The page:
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Teen having unprotected sex causes concern for stepmom

Published: Wednesday, Oct. 17, 2012 11:30 a.m. CDT

DEAR ABBY: My 15-year-old stepson, "Justin," doesn't drink or do drugs. For the most part, he stays out of trouble. The problem is, he has been caught for the third time having unprotected sex.

My anger isn't at Justin so much as at his parents, obviously his father. Justin has lied repeatedly about this. His father lets him get away with many things, for the most part minor. But this is different. A 15-year-old boy can't take care of a baby, and having sex with multiple partners means exposing everyone involved to STDs.

My husband is a smart man, but for some reason he seems to think this will end well. I worry about his son becoming a father too soon and missing out on his full potential. My husband and his ex have dealt with this by trying to ignore it, and for the most part I haven't involved myself. But the more I think about it, the more I see the danger of Justin's life being changed forever because his parents don't want to make him unhappy for a minute.

I love my husband and stepson. Allowing this to continue isn't the right path for anyone. Am I overreacting? If not, what can I do that won't cause a huge blowup with my husband? — ALARMED IN CHICAGO

DEAR ALARMED: You're not overreacting. Your husband is doing his son no favors by enabling his irresponsible behavior instead of asserting himself and acting like a parent. Justin may think that fathering a child will make him a "real man." But unless your husband can get through to him that real men take care of themselves and their partners, and real men don't risk bringing children into the world they can't take care of, then face it: He's letting his son play baby roulette, and it's only a matter of time until he'll be a grandpa.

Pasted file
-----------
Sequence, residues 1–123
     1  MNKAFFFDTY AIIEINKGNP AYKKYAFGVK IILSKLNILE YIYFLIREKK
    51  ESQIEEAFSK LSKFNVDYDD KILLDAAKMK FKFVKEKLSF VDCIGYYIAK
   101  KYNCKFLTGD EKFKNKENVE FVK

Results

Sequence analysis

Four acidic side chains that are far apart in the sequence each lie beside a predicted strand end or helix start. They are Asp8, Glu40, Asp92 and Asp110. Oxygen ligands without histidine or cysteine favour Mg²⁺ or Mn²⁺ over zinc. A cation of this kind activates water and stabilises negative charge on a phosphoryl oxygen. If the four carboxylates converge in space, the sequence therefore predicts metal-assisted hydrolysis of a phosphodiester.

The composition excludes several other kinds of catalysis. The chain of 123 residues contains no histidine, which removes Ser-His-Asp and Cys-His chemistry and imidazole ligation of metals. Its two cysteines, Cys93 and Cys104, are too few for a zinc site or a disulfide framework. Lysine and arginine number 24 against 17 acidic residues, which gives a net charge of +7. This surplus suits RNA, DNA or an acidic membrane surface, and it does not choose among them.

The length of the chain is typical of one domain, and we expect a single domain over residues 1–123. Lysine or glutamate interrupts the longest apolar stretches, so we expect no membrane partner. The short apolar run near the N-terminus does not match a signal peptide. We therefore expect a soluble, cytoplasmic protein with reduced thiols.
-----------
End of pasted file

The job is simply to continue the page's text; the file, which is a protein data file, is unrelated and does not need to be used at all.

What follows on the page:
DEAR ABBY: My son has a wonderful girlfriend, "Michelle." They live with my ex-husband and visit my husband, "Daryl," and me twice a month and on special occasions. Michelle is sweet, caring, smart and funny. The problem is, she doesn't wear a bra. Ever.

Relatives have commented about it to us at family gatherings because she's not flat-chested. We already know. It's obvious. Daryl feels a woman should go without a bra only in the privacy of her own home, and I agree. He thinks I should buy Michelle a bra as a "subtle hint." I don't think that's wise, and I don't want to offend her.

Because it doesn't seem to matter to my son, should we continue to keep our opinions to ourselves? — SEES A NEED FOR SUPPORT IN FLORIDA

DEAR SEES A NEED: Because people are talking, it would be a kindness to say something to Michelle — but delicately, so she doesn't think you are criticizing her. If you have a good relationship with her, invite her to join you for lunch and, while you're on the subject of the last gathering, mention that some of the relatives noticed her bralessness. Then tell her that you need to go lingerie shopping and invite her along. Ask her to help you pick out a few pretty things for yourself, and then offer to treat her to some things she likes. She just may take you up on it.

Dear Abby is written by Abigail Van Buren, also known as Jeanne Phillips, and was founded by her mother, Pauline Phillips. Write Dear Abby at www.DearAbby.com or P.O. Box 69440, Los Angeles, CA 90069.

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